After World War II, the government, as well as industry and the trade unions, realized that the country could not afford to repeat the continuous social, political, and economic conflict that marked the 1920s and 1930s, when the country moved from one crisis to another until Adolf Hitler's Anschluss in 1938. They wanted to avoid ruinous social and industrial conflict, strikes, lock-outs, and the kind of persistent social battles that had contributed to the paralysis of the Austrian economy and its body politic during the interwar years.
To find a solution, the government and its political and economic institutions reached back to earlier concepts that also had an influence on Austrian thinking and Austrian history. One was the papal encyclical Rerum Novarum of 1891, which had envisaged a working class that would be gradually absorbed into a property-owning class, not through social conflict but through constructive social cooperation. Another was the Austrian tradition of the Labor Advisory Council (Arbeitsbeirat), which had functioned as a section of the Ministry of Commerce from 1898 to the outbreak World War I and which offered a model for the pragmatic participation of the labor movement in the functions of the state and the general direction of the economy.
After World War II, these concepts coincided with the practical exigencies of the moment to force representatives of social groups to work together to cope with the combination of unemployment, inflation, and widespread poverty and misery. The ÖGB and the reestablished business organizations of the three main economic chambers played central roles in working out a series of wage-price agreements between 1947 and 1951. Those agreements, and the negotiations that led to them, were based on a mutual recognition that no social group could benefit if it imposed its demands at the expense of the collapse of the state and its economy--a collapse that often seemed all too near in the immediate postwar years.
The social partnership system works on the basis of a mutual recognition of three principles. The first is that the three main economic groups--industry, agriculture, and labor--will be properly represented through four mutually recognized organizations--the chambers of commerce, agriculture, and labor, and the ÖGB--that represent their interests and that can take the responsibility for decisions. The second is that economic decisions can be legitimately made outside the ideologically competitive political atmosphere of parliament, thus in effect depoliticizing crucial matters related to the Austrian standard of living. Third, the principle of consensus will function in such a manner that no social group is ignored, and no social group will prolong the struggle once an agreement has been reached.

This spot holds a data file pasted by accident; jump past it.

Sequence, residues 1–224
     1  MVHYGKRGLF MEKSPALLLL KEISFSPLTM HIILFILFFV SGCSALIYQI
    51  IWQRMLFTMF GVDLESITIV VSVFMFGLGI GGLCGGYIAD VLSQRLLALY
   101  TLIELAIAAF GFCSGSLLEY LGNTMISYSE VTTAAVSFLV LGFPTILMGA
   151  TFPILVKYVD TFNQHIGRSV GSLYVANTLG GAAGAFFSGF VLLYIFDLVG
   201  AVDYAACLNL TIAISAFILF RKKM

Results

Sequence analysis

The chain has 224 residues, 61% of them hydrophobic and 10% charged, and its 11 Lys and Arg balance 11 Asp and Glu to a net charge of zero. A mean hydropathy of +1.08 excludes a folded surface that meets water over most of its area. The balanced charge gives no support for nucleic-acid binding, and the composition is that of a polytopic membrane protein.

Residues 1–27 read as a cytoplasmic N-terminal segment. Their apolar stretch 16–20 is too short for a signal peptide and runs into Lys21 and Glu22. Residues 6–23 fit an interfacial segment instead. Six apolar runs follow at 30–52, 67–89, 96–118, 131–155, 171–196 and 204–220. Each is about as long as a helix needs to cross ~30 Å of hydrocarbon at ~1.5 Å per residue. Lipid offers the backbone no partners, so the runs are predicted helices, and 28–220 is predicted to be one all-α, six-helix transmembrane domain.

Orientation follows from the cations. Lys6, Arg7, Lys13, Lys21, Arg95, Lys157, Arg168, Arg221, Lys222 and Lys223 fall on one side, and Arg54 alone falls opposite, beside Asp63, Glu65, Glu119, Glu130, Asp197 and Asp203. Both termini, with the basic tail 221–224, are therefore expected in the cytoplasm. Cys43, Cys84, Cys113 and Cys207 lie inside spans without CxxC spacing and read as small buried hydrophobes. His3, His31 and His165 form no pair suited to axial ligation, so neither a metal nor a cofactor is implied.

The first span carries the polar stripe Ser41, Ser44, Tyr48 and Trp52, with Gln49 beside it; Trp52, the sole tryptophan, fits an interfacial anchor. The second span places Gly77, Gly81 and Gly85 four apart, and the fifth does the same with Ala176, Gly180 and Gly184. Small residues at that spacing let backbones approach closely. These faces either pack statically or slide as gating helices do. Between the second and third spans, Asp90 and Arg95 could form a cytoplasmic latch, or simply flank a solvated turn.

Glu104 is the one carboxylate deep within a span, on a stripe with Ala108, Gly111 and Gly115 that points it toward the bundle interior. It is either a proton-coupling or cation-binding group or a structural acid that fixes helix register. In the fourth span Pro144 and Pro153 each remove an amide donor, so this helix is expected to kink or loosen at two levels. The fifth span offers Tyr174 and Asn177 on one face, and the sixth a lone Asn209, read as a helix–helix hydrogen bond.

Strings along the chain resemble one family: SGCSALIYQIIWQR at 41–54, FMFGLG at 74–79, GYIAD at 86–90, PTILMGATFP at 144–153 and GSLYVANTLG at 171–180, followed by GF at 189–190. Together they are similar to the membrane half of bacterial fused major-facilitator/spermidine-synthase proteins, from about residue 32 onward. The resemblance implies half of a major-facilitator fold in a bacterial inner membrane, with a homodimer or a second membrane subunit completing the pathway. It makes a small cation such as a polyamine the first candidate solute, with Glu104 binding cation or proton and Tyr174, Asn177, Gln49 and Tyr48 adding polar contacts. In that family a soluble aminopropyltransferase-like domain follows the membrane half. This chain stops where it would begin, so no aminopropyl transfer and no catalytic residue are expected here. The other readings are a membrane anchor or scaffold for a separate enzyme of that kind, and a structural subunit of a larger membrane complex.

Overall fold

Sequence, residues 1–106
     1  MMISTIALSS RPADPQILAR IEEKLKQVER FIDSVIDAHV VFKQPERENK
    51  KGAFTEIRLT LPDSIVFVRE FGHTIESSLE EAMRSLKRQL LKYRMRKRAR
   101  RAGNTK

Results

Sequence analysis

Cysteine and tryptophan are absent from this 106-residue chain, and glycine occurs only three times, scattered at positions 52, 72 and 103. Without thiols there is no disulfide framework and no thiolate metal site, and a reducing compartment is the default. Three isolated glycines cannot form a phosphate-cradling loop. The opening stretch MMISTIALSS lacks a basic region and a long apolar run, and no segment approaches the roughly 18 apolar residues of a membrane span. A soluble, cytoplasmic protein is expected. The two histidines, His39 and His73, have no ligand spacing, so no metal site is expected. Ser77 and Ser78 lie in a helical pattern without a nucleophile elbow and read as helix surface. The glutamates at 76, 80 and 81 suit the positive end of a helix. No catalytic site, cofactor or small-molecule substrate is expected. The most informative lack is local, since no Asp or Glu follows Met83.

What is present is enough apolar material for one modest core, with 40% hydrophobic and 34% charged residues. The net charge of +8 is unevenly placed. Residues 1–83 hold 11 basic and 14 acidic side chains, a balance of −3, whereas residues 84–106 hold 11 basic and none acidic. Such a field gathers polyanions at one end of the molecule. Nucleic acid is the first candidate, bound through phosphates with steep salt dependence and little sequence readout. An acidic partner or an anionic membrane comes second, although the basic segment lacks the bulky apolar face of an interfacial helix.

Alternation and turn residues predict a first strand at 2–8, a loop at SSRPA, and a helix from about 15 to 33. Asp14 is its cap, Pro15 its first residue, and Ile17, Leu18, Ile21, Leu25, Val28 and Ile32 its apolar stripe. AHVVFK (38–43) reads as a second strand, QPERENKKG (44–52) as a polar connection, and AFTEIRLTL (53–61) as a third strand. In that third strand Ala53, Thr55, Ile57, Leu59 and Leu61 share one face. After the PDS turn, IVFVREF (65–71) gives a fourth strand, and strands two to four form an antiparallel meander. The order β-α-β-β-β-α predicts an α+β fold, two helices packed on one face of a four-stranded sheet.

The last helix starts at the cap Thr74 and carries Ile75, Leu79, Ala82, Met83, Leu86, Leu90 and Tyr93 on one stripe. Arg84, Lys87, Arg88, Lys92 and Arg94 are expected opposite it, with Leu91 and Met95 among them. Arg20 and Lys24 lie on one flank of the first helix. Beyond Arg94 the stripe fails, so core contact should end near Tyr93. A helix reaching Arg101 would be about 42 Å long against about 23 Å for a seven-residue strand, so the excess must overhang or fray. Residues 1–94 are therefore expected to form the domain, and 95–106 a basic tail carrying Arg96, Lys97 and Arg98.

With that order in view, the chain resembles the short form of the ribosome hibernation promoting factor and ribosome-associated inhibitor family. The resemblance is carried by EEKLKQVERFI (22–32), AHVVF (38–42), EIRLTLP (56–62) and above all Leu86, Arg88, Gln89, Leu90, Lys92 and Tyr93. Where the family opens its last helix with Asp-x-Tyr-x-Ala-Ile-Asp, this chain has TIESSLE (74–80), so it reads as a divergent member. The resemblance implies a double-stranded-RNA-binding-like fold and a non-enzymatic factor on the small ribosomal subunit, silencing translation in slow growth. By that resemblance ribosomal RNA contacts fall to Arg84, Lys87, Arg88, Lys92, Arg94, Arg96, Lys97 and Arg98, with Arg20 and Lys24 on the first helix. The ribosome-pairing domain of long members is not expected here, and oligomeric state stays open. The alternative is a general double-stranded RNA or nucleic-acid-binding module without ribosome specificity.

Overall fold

The core consultative instrument of the social partnership is the Parity Commission. The commission consists of seven members of the government--the chancellor, three ministers, and three state secretaries--and two representatives each from the Federal Chamber of the Economy, the Presidential Conference of the Austrian Chambers of Agriculture, the Council of the Austrian Chambers of Labor, and the ÖGB. This distribution of seats on the commission gives the interest organizations a majority. Experts in various areas attend the meetings in an advisory capacity. The Party Commission's decisions must be unanimous, because the commission is not based on law, and participation is completely voluntary.